Anyone have any thoughts on the big immigration reform bills wending their ways through the House and Senate?
I need to look into the details of the bills a little more, but having the politicians actually address this issue should be interesting.
Mickey Kaus, a liberal/moderate blogger on Slate, thinks this issue has a lot of potential to help Republicans in November if it's handled adroitly:
A mostly political Weblog.
Has the GOP Found Its 2006 Issue?
Hiding in plain sight.
By Mickey Kaus
Updated Monday, March 27, 2006, at 7:53 PM ET
No Contest: Much is being made, in the press, the blogs ( http://bullmooseblogger.blogspot.com/2006/03/wall.html ), and the email I'm getting, of the split in the Republican party on immigration: there are pro-crackdown conservatives on the one hand, and rich Republican business backers who need immigrant labor on the other. I'm not sure this internal struggle is such a close thing, though, at least this year. Republicans facing the loss of Congress need to mobilize their base, not their lobbyists. They need voters, not money. That points in only one direction, no? Sometime before November, that should become obvious. ... 4:27 P.M.
Never serve John Kerry tomato-based products. ( http://www.thesmokinggun.com//archive/0327061kerry1.html ) 10:42 A.M.
Have the GOPs Found Their 2006 Issue? Republicans are deemed to be in deep trouble in the Congressional midterms ( http://www.time.com/time/magazine/article/0,9171,1176997,00.html ) --and searching desperately, without obvious success, for a hot-button issue (gay marriage? flag-burning?) that could mobilize conservative "base" voters. But is it possible they've now found one hiding in plain sight--a tough anti-illegal immigration bill?
Immigration has several characteristics that suggest it's a good locomotive for GOP victory in November: 1) Voters say it's an important issue; 2) A majority wants some sort of border-control action; 3) The GOP base feels intensely about it; 4) Many Congressional Democrats are--by ideology or interest group pressure--locked in to a pro-immigrant, non-tough stance (or if they strike a tough pose it seems just that). In all these respects, immigration resembles welfare reform, a key hot-button base-mobilizing issue for Republicans in the 1994 midterms. ...
So why isn't this the CW** already? Short-term and long-term objections. Short term: President Bush favors a relatively generous approach, proposing a "guest worker" program that would be available illegals already here. Since Bush is his party's leader, isn't his position the GOP position? Long term: Republicans worry that if they angrily crack down on border enforcement--without adding provisions for guest workers or legalization of existing illegals, they'll lose the growing Latino vote for a generation (as California Republicans are said to have lost the state's Latino vote after Gov. Pete Wilson's anti-illegal Prop. 187 in 1994). But there are answers to each objection.
Short term: These are the mid-term elections, remember--not the presidential. Are Republican Congressional candidates really incapable of getting out a message to their base that they are tough on illegals, even if Bush is not? One effective way to do that would be to, er, actually pass a tough enforcement-only bill!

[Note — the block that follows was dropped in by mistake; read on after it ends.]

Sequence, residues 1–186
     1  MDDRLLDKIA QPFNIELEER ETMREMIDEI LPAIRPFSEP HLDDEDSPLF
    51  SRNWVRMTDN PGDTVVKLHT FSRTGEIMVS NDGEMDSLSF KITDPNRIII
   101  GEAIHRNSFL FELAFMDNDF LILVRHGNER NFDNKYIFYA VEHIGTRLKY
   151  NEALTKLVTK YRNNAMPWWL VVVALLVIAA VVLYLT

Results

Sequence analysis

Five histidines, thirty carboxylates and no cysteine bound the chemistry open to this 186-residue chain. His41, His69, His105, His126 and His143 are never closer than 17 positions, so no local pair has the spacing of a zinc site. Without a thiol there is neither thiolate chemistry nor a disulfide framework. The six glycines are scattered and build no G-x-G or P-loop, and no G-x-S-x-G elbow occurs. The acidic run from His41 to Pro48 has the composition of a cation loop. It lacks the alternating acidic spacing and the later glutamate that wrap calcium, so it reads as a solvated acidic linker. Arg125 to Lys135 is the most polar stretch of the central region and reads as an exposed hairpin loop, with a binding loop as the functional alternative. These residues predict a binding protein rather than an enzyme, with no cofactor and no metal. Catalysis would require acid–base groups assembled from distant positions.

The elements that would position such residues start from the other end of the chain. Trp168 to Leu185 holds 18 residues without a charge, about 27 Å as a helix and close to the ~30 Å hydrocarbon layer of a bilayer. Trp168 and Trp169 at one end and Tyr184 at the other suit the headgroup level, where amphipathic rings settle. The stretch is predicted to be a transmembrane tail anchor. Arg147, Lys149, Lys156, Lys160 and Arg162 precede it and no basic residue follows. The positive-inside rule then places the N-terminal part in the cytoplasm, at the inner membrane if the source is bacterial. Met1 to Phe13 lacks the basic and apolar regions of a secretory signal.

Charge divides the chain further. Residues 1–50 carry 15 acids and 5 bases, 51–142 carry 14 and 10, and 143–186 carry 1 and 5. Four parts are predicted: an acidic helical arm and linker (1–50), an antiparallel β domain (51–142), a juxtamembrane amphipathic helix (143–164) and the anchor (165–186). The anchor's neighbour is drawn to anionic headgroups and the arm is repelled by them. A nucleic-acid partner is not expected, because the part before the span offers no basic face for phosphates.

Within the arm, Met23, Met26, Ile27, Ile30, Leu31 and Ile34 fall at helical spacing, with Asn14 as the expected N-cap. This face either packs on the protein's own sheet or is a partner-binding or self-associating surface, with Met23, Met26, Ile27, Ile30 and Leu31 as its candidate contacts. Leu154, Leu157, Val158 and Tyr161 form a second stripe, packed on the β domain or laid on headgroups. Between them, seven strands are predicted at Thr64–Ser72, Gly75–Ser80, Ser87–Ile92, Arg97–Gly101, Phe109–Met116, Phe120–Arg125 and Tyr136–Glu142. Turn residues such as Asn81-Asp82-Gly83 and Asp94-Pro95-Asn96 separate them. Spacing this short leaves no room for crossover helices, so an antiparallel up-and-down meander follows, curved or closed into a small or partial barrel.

Long term: As for losing the Latino vote, there may be method in the current mad GOP disarray. The method is to let the President set the general, generous tone of the party, while local GOP officeholders run as get-tough individuals. Precisely because Bush, not Congress, leads the party, what he says should have the greater impact on its long-term profile. By praising the illegal immigrant work ethic while taking a compromising, high-minded policy line he might at least avoid permanently alienating Latinos. Meanwhile, GOP House candidates wage local campaigns in which they identify with prevailing anti-illegal sentiment--getting themselves reelected while doing a minimum of damage to the party's national image.
What about those swing districts in which individual House and Senate candidates need to appeal to Latinos? Answer: in those few districts, individual Republicans can tailor their stands accordingly. That's the genius of de-nationalizing the election at the same time as you put the immigration issue on the front burner.
Could individual Republican candidates have run as anti-welfare in 1970, even though a GOP President, Richard Nixon, had proposed a startlingly liberal guaranteed income plan? They could--that was Ronald Reagan's position, for example--and I suspect many did. The same with immigration.
P.S.: According to Chris Matthews, his show's poll of pundits declared, by a lopsided 10-2 margin, that the immigration issue would cost the GOP "key Western states." But are Republicans really going to lose Arizona and New Mexico, say, because they pass a border-security-only bill? New Mexico Gov. Richardson certainly seems to be a popular governor in part because he's made dramatic noises about border control ( http://www.opinionjournal.com/diary/?id=110007108 ).
When President Bush signs that border-security-only bill, he can always give a speech--like the one Clinton gave when he signed welfare reform--in which he expresses his reservations and vows to pass the guest worker and "earned legalization" provisions in the next Congress.
It's also hard to believe that the enforcement-only bill--like welfare reform--won't in the end get a lot of Democratic votes, further diluting the "Latino blowback" against the GOP.
Am I missing something?
** CW= conventional wisdom 11:40 P.M